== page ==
A Mix of Flood Insurance Reforms
The federal flood insurance program has a knack for inspiring ideas from reformers across the political spectrum on how to improve government.
If some of today’s reformers get their way, flood insurance will become a mandatory topic at real estate closings and a tool for protecting flood-prone lands from development. There will be a means-test for premium subsidies and an end to support for repeat flood properties.
Also, rates charged by the National Flood Insurance Program (NFIP) will more accurately reflect the unique flood risk of individual homes under changes being developed by the Federal Emergency Management Agency (FEMA).
There has for years been bipartisan support in the House of Representatives for a long-term extension and major reforms of the NFIP. But various bills championed by Rep. Jeb Hensarling, R-Texas, former chair of the House Committee on Financial Services, and passed by the House, have stalled in the Republican-controlled Senate.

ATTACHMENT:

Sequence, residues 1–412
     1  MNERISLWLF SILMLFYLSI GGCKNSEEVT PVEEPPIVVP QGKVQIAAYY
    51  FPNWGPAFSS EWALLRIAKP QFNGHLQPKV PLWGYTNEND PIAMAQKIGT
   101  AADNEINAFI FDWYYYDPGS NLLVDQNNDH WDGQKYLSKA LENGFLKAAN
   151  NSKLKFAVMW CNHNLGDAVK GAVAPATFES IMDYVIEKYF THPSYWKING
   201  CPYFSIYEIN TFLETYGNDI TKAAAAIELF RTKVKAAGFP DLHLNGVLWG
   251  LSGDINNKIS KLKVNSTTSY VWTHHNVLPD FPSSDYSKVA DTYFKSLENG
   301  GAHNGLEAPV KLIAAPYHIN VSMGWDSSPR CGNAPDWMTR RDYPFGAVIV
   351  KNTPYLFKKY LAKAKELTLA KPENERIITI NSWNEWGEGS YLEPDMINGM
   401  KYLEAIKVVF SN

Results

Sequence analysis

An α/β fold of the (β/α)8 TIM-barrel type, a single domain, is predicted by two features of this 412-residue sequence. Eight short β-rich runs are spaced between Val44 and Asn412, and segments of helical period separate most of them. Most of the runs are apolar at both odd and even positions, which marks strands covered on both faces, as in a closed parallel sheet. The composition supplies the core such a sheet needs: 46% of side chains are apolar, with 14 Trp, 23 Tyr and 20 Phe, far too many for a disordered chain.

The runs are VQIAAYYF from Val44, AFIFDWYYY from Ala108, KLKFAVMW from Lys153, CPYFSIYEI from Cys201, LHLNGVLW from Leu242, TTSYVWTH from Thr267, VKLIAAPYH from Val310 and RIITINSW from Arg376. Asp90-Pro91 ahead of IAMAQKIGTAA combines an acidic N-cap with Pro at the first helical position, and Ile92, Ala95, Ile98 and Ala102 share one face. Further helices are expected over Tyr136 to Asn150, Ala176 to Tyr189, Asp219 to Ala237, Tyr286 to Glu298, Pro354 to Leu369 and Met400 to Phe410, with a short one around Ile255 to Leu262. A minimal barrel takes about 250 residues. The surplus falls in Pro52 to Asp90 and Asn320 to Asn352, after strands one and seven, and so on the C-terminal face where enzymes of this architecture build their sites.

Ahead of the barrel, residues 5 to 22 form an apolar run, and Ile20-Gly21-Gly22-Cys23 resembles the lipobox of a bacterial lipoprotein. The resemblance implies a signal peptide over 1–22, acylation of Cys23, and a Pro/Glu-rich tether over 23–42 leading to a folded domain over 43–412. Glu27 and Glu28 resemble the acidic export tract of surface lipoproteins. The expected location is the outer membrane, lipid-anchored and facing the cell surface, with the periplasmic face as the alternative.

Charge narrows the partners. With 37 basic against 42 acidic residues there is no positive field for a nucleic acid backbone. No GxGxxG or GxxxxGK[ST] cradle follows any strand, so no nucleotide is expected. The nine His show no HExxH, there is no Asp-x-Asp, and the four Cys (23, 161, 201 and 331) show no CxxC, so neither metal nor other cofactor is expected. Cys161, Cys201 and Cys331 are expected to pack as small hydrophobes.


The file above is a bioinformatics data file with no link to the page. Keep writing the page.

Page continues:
Now under leadership of Rep. Maxine Waters (D-Calif), who replaced Hensarling as head of the committee after Democrats gained control of the House, lawmakers are trying again.
Bills now before the committee would, among other things, renew the NFIP until Sept. 30, 2024. The program is currently set to expire at the end of May under one of the 10 short-term extensions Congress has approved since 2017.
The current House proposals would also forgive the NFIP’s remaining $20 billion debt and boost funding for mapping, floodplain management, and mitigation for homes, businesses and infrastructure.
“Everyone is at risk of flooding,” said Waters, stressing that it is “not just a coastal issue.”
According to FEMA, floods are the nation’s most common and costly natural disaster, affecting all 50 states.
During a Capitol Hill hearing last month, advocates spoke on the bills and added a few of their own ideas — and criticisms — to the mix for lawmakers to consider.
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